How Mentor Support Interacts With Mother and Teacher Support in Predicting Youth Academic Adjustment: An Investigation Among Youth Exposed to Big Brothers Big Sisters of Canada Programs

How Mentor Support Interacts With Mother and Teacher Support in Predicting Youth Academic... This study examines three potential contributions (i.e., additive only, hierarchical compensatory, and hierarchical conditional) of mentor support to youth academic adjustment, taking into account interactions with support from mothers and teachers. We derived data from a larger study of the Big Brothers Big Sisters (BBBS) of Canada community mentoring program. The sample included 427 youth (average age 9.8 years; 64% girls, 56% White) who received one-to-one community-based mentoring for at least three months. We assessed perceptions of support from mothers and teachers before the match and assessed perceptions of support from mentors five times throughout the mentoring experience. Hierarchical linear regression analyses showed that mentor support predicted positive changes in youth academic adjustment (i.e., school attitude, academic self-efficacy, assistance seeking, and problem solving) mainly when mentees already reported high support from their mother. This finding clearly supports the conditional model and invites researchers to question the assumption that mentoring constitutes a corrective experience for young people (i.e., the compensatory model). BBBS agencies are strongly encouraged to involve parents in the mentoring process and to view them as experts, assets, and allies in their effort to meet the youth’s needs. http://www.deepdyve.com/assets/images/DeepDyve-Logo-lg.png The Journal of Primary Prevention Springer Journals

How Mentor Support Interacts With Mother and Teacher Support in Predicting Youth Academic Adjustment: An Investigation Among Youth Exposed to Big Brothers Big Sisters of Canada Programs

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Publisher
Springer Journals
Copyright
Copyright © 2018 by Springer Science+Business Media, LLC, part of Springer Nature
Subject
Medicine & Public Health; Medicine/Public Health, general; Health Psychology; Community and Environmental Psychology; Public Health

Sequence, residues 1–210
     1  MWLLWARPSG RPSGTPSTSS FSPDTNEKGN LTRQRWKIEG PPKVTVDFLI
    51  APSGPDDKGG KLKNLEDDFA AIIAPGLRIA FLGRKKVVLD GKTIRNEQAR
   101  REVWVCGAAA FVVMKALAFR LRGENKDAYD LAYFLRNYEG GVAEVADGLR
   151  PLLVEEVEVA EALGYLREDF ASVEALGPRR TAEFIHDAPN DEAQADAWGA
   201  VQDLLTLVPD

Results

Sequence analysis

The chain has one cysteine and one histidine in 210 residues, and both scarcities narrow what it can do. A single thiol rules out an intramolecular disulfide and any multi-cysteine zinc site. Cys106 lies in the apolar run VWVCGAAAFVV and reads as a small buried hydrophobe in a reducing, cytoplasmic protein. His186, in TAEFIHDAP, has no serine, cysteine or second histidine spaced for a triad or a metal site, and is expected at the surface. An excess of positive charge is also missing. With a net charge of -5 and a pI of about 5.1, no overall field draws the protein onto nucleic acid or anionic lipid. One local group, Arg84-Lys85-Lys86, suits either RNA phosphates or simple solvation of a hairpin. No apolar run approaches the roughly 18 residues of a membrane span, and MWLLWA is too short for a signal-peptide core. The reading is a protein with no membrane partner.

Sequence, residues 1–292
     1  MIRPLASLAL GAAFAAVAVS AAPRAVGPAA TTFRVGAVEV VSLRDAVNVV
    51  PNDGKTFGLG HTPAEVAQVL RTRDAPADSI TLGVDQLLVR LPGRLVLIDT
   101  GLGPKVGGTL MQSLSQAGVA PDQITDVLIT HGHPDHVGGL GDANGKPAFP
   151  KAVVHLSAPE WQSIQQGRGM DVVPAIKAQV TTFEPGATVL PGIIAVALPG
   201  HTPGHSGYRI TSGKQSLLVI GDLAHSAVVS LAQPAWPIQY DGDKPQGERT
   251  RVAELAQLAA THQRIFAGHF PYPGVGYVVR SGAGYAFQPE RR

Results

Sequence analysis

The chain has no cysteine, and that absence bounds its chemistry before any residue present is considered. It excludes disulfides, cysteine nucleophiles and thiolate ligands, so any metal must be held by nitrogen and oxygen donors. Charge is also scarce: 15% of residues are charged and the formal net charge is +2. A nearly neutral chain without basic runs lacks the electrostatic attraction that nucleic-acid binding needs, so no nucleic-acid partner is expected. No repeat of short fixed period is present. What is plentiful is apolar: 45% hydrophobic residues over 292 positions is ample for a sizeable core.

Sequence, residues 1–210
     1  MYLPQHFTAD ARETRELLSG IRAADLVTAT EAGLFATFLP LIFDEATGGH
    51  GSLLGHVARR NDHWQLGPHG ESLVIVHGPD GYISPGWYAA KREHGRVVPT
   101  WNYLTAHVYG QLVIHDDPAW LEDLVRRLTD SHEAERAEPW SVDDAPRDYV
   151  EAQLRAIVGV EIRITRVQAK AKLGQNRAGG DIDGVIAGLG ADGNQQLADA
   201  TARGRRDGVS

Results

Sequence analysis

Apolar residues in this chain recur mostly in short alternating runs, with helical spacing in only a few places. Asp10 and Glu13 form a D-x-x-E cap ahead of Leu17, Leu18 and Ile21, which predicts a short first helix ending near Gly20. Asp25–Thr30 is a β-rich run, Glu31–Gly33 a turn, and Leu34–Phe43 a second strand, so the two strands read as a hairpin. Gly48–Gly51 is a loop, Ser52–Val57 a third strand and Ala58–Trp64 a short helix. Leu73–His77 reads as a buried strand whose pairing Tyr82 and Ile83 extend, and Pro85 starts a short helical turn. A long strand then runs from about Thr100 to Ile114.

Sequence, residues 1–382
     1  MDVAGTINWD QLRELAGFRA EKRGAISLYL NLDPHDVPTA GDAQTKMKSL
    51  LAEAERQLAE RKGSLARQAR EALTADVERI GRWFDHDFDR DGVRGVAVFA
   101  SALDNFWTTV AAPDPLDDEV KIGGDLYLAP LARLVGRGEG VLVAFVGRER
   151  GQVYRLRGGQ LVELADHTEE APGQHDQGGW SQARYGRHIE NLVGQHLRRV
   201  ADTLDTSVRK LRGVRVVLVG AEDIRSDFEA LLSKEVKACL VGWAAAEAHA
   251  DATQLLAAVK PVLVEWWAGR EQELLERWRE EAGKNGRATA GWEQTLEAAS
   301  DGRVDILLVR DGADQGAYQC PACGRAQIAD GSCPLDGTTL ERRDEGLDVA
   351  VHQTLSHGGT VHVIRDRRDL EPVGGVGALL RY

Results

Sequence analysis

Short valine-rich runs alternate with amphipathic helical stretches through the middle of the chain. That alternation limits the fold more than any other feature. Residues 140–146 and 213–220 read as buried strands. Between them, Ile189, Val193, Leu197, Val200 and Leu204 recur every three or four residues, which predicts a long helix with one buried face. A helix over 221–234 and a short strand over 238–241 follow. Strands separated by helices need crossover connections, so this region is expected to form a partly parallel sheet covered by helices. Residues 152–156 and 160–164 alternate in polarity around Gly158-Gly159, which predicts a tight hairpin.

ISSN
0278-095X
eISSN
1573-6547
D.O.I.
10.1007/s10935-018-0509-8
Publisher site
See Article on Publisher Site

Abstract

This study examines three potential contributions (i.e., additive only, hierarchical compensatory, and hierarchical conditional) of mentor support to youth academic adjustment, taking into account interactions with support from mothers and teachers. We derived data from a larger study of the Big Brothers Big Sisters (BBBS) of Canada community mentoring program. The sample included 427 youth (average age 9.8 years; 64% girls, 56% White) who received one-to-one community-based mentoring for at least three months. We assessed perceptions of support from mothers and teachers before the match and assessed perceptions of support from mentors five times throughout the mentoring experience. Hierarchical linear regression analyses showed that mentor support predicted positive changes in youth academic adjustment (i.e., school attitude, academic self-efficacy, assistance seeking, and problem solving) mainly when mentees already reported high support from their mother. This finding clearly supports the conditional model and invites researchers to question the assumption that mentoring constitutes a corrective experience for young people (i.e., the compensatory model). BBBS agencies are strongly encouraged to involve parents in the mentoring process and to view them as experts, assets, and allies in their effort to meet the youth’s needs.

Journal

The Journal of Primary PreventionSpringer Journals

Published: Apr 23, 2018

References

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